Magnetoresistance: One More Thing Graphene Does Differently


Researchers in the U.K., led by Nobel laureate Andre Geim, have discovered another property of graphene— a single-atom-thick layer of carbon atoms bonded in a honeycomb pattern — that further distinguishes this ‘wonder’ material.

Points to Ponder:

  • At ambient temperature, graphene, a single-atom-thick layer of carbon atoms linked in a honeycomb arrangement, exhibits an abnormal giant magnetoresistance (GMR).
  • GMR is a conductor property in which the electrical resistance is influenced by magnetic fields in nearby materials. Hard disc drives, magnetoresistive RAM, biosensors, automotive sensors, and medical imagers all make advantage of this characteristic.
  • The researchers led by Nobel laureate Andre Geim found that a graphene-based device would not need to be cooled to a very low temperature to sense magnetic fields, making it more efficient and cost-effective compared to conventional devices.
  • In a GMR-based device, a conductor is sandwiched between two ferromagnetic materials (metals attracted to magnets, such as iron). When the materials are magnetized in the same direction, the electrical resistance in the conductor is low. When the directions are opposite to each other, the resistance increases. This is known as GMR.
  • The graphene-based device’s magnetoresistance was “almost 100 times higher than that observed in other known semimetals in this magnetic field range.”
  • The effect is caused by the way electrons in the conductor scatter off electrons in ferromagnets, depending on the orientation of the latter’s spin, which is altered by the magnetic field direction.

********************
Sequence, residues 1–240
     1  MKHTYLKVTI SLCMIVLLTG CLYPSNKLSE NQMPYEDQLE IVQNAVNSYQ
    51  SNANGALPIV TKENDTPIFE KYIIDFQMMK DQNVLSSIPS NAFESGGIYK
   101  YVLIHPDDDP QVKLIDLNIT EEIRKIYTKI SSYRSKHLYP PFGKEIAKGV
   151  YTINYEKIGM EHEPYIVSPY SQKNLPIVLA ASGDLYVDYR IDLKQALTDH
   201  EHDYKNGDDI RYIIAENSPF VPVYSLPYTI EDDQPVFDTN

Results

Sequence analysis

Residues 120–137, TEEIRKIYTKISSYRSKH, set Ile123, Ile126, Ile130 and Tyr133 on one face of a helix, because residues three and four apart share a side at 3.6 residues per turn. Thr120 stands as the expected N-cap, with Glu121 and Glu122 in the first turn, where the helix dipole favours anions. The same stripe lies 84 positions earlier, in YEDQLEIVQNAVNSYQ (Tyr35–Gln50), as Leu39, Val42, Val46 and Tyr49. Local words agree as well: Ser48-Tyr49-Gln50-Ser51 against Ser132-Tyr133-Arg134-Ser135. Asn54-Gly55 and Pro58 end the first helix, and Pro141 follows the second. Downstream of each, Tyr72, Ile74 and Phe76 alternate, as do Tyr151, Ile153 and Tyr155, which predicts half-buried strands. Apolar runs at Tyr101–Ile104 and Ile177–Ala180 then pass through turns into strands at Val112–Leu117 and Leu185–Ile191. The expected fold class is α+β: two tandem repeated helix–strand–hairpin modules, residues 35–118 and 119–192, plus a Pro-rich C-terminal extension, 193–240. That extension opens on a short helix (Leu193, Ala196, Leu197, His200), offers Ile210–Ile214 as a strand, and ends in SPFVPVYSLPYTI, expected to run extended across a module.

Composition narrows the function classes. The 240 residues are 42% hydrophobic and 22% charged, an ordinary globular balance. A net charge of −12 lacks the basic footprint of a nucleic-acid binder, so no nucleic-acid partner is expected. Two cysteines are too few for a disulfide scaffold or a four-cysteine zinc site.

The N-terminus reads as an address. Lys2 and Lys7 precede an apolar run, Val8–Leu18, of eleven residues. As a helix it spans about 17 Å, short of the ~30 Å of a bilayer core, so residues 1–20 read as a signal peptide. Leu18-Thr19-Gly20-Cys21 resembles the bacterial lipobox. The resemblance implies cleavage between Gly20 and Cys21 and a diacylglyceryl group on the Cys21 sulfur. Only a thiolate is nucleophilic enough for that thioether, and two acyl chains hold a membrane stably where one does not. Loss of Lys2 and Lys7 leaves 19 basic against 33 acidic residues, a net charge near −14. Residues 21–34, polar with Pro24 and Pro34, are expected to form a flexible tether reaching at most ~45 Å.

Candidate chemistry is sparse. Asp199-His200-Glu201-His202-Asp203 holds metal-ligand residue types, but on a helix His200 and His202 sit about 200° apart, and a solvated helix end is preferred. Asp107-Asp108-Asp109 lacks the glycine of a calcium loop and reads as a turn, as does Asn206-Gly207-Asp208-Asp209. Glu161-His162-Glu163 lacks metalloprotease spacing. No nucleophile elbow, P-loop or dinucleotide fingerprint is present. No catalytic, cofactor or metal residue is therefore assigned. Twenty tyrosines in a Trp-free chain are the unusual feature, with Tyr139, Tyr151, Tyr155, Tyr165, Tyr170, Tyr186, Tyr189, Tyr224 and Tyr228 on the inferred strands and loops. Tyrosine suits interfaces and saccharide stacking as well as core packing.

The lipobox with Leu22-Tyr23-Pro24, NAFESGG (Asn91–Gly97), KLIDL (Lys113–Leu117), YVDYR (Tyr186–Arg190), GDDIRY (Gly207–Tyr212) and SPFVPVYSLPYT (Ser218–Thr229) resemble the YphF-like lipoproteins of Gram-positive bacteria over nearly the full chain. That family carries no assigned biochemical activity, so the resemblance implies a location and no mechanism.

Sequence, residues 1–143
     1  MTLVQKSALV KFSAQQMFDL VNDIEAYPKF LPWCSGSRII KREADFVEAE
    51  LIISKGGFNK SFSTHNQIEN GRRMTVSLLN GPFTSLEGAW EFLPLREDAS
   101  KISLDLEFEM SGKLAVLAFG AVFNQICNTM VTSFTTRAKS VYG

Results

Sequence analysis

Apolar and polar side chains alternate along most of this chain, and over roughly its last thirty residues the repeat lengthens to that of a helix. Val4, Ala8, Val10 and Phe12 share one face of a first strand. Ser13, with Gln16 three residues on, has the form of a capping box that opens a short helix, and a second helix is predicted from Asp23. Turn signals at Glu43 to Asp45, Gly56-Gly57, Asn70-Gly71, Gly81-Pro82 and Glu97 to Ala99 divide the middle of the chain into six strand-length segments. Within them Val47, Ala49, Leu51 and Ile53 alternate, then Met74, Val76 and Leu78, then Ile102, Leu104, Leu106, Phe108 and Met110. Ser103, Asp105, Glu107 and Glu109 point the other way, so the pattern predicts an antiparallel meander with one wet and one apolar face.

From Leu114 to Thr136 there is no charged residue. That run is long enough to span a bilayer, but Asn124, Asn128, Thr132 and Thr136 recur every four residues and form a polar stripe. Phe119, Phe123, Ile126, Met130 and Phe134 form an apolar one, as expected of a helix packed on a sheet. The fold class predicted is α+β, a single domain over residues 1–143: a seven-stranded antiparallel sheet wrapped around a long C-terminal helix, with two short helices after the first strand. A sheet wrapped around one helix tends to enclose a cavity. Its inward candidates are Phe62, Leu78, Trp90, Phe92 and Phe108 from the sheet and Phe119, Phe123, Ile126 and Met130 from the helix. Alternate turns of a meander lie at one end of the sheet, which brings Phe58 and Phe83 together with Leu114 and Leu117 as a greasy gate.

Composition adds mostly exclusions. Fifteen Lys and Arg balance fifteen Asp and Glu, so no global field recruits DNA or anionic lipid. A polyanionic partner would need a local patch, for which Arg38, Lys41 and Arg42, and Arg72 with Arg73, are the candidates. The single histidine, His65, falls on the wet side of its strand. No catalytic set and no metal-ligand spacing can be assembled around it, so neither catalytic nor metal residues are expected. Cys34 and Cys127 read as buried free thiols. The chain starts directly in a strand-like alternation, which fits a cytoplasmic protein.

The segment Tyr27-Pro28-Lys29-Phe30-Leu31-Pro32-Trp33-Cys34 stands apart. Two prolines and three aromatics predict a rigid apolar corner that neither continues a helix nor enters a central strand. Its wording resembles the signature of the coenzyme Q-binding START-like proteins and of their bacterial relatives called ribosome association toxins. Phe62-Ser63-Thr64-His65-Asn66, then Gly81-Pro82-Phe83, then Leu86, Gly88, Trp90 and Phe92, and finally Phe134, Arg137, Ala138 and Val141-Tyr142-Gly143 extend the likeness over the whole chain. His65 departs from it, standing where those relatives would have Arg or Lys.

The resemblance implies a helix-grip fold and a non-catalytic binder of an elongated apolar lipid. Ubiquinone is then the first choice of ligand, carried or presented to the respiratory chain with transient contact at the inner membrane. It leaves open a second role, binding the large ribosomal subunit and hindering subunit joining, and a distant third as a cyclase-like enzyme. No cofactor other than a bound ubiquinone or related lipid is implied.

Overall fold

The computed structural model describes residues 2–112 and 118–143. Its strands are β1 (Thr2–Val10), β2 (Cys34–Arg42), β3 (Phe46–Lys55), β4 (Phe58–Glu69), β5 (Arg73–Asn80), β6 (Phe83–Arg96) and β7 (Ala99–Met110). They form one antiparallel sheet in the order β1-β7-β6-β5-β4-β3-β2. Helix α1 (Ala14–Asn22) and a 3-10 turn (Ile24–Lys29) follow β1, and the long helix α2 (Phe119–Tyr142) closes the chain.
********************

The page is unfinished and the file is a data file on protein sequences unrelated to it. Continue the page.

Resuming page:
• Traditional GMR devices are chilled to low temperatures to suppress the kinetic energy of their constituent particles, preventing them from deflecting electrons passing by. The inhibition was unneeded in graphene, according to the researchers.
  • Under a 0.1 tesla field, the magnetoresistance of monolayer graphene held between two layers of boron nitride increased by 110% in their study. In typical metals, the magnetoresistance increases by less than 1% under these conditions.
  • The presence of a ‘neutral’ plasma and the mobility of electrons were attributed to this by the researchers. Normally, plasma is a gas of charged particles, but in this experiment, “plasma consists of equal numbers of thermally excited electrons and holes.”
  • A ‘hole’ is a location where an electron should be but isn’t, causing it to behave as if it is positively charged. The graphene had been ‘adjusted’ by the researchers to contain the same number of electrons as holes. “As a result, the total charge of this plasma is zero,” which is beneficial because it prevents an effect from interfering with GMR.
  • The scientists employed an “extremely clean” setup using graphene with “zero defects.” The electrons in the neutral plasma were also not scattered by atomic lattice vibrations. At normal temperatures, the electrons in the material displayed “anomalously high” mobility.
  • While a graphene-based GMR device cannot replace conventional devices, it may be employed in unique applications that need magnetic-field sensing in harsh environments. For example, the device is more resilient at high temperatures, which may make it helpful in areas where conventional devices fail.